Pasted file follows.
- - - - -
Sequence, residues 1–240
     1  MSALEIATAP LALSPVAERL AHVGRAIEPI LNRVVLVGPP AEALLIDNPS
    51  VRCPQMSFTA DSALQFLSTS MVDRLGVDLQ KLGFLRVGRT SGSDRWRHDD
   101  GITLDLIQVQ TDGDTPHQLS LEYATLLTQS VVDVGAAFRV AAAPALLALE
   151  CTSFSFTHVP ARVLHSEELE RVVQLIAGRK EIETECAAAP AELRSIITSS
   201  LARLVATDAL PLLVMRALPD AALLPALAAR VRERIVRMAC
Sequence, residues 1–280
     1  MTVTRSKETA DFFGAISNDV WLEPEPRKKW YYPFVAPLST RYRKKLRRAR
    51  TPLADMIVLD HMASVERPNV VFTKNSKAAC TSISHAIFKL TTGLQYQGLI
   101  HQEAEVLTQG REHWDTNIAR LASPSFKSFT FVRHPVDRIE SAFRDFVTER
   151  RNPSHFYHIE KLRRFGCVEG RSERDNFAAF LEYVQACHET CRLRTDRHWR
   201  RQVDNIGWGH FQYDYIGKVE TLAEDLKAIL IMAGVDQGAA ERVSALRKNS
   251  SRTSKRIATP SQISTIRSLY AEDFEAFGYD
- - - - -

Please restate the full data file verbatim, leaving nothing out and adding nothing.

Sequence, residues 1–240
     1  MSALEIATAP LALSPVAERL AHVGRAIEPI LNRVVLVGPP AEALLIDNPS
    51  VRCPQMSFTA DSALQFLSTS MVDRLGVDLQ KLGFLRVGRT SGSDRWRHDD
   101  GITLDLIQVQ TDGDTPHQLS LEYATLLTQS VVDVGAAFRV AAAPALLALE
   151  CTSFSFTHVP ARVLHSEELE RVVQLIAGRK EIETECAAAP AELRSIITSS
   201  LARLVATDAL PLLVMRALPD AALLPALAAR VRERIVRMAC
Sequence, residues 1–280
     1  MTVTRSKETA DFFGAISNDV WLEPEPRKKW YYPFVAPLST RYRKKLRRAR
    51  TPLADMIVLD HMASVERPNV VFTKNSKAAC TSISHAIFKL TTGLQYQGLI
   101  HQEAEVLTQG REHWDTNIAR LASPSFKSFT FVRHPVDRIE SAFRDFVTER
   151  RNPSHFYHIE KLRRFGCVEG RSERDNFAAF LEYVQACHET CRLRTDRHWR
   201  RQVDNIGWGH FQYDYIGKVE TLAEDLKAIL IMAGVDQGAA ERVSALRKNS
   251  SRTSKRIATP SQISTIRSLY AEDFEAFGYD